Danny Boyle gets trippy
Danny Boyle has made three of my favorite films of the last 20 years Trainspotting, Slumdog Millionaire, and 127 Hours. I’d put his new one, Trance, a notch below them, but only a notch.
This exhilarating brain-twister is a nonstop visual, aural and intellectual delight, steeped in movie conventions and yet fizzing with freshness. It’s what happens when film noir goes out to a rave.
Don’t learn too much about it before you see it. I’ll limit myself to giving away only what happens in the opening minutes. Simon (James McAvoy) is a security guard at a London auction house that is selling a Goya painting for £27 million ($41 million) when an art thief named Franck (Vincent Cassel) bursts in and seizes the painting.
Or so he thinks: Actually, the canvas has gone missing and only Simon knows where it is. Except Simon can’t remember, having sustained a head blow during the robbery that has left him with amnesia. Enter an expert hypnotist, Elizabeth Lamb (Rosario Dawson) who can unbury any memory. Though maybe not this one.
The dazzling script by Joe Ahearne and Boyle’s frequent collaborator John Hodge has more surprises in its first 20 minutes than most films can manage in 100, but each sharp turn merely inspires Boyle to stomp harder on the pedal. Who will get the painting? Who will get the girl? Who will get half a skull blown off and just keep talking?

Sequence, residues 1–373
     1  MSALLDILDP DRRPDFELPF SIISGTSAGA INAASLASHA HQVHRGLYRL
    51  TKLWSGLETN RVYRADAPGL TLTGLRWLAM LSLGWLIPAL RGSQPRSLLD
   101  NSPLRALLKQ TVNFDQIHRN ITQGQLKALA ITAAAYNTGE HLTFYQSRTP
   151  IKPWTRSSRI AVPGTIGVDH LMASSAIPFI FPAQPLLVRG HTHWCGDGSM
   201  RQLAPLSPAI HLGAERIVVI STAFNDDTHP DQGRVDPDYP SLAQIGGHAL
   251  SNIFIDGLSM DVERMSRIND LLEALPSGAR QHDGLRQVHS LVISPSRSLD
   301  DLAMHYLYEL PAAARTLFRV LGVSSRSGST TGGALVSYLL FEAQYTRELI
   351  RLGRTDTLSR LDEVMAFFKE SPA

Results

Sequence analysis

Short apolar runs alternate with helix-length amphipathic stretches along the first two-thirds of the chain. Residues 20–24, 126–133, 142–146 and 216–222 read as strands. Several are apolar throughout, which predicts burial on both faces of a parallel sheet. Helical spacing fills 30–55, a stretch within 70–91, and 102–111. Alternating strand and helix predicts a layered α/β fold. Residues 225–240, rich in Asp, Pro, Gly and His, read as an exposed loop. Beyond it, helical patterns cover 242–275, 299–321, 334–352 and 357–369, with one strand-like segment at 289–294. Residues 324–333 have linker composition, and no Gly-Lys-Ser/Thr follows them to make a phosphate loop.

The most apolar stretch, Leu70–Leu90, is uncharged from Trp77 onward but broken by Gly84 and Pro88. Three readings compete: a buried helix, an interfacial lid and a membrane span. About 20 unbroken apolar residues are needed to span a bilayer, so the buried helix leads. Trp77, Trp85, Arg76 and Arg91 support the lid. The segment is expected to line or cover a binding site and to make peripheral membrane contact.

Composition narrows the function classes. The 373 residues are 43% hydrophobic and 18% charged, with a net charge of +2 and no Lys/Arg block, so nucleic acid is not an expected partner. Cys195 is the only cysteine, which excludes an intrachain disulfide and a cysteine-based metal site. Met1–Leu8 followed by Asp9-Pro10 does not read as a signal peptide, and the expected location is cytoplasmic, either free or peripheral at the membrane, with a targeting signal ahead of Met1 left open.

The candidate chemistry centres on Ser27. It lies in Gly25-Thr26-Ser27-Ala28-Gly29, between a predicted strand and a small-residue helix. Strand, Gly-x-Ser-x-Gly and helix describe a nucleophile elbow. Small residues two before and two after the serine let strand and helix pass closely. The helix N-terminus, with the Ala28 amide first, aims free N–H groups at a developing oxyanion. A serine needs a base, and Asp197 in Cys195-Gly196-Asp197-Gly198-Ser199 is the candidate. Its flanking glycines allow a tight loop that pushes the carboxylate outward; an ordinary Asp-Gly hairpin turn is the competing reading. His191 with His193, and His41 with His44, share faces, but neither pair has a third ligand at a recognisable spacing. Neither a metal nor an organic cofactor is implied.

Trance, a title that refers to the hypnotic state several characters descend into as well as the dance music that urges the movie forward and the helpless awe in which Boyle held me throughout, has a plot similar to that of Boyle’s sinister 1994 tale of a greed triangle, Shallow Grave. But this time Boyle projects it through an Inception-style prism of subconscious fantasy. The Christopher Nolan film, though, was operatically ponderous, brooding about its own genius to the point where the audience had to clear its throat and ask, “Remember us?” Trance is pure entertainment, no study guide required.
Via the hypnotist, various characters slip in and out of fantasyland, and though I revile the way writers (particularly on television dramas) use dream sequences to eat up a couple of minutes of screen time on a cheap shock that winds up being meaningless, in Trance the characters learn essential truths by exploring their subconscious minds. Details (such as car keys) that seem meaningless keep coming back to play important roles, and to link different levels of consciousness Boyle ingeniously uses the iPad in what I believe is a new role for it in movies, one that a thousand other directors will imitate.
Boyle makes everything seem as fresh as the iPad because his great subject is youth—not, as with Steven Spielberg, childhood; the innocence of Millions, Boyle’s 2004 attempt at a fairy tale, didn’t quite convince, and he hasn’t returned to the genre. (Boyle’s next film is called Porno.)
A newspaper headline in Trance refers to Simon as the “have-a-go” hero of the art heist: That’s Boyle, perpetual chancer, always having a go. What’s it like to get hooked on heroin? Steal the prettiest girl in India from gangsters? Hop into a gorge? Let’s have a go.
We don’t learn a lot about Simon except that he’s young, but that’s really all we need to know. Boyle’s all about the race to the next rush, the completely unjustified confidence, the addiction to crazy: youth. It’s an inexhaustible well, and may Boyle never stop dunking his bucket in it. This is ecstatic cinema, the brightest, brassiest, buzziest film of the year so far.blog comments powered by Disqus